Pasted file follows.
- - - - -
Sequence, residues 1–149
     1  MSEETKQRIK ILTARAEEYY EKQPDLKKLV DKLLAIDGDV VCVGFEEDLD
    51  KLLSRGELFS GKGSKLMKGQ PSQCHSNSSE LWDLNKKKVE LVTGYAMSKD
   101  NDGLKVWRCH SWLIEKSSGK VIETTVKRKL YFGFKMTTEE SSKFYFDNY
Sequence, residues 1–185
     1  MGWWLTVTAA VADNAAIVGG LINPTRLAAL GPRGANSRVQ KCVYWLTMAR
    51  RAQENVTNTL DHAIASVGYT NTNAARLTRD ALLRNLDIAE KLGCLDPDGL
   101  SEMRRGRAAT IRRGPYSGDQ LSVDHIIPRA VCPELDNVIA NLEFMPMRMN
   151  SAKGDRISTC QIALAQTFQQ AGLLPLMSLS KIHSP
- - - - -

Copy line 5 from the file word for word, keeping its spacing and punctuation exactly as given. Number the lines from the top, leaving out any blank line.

Sequence, residues 1–185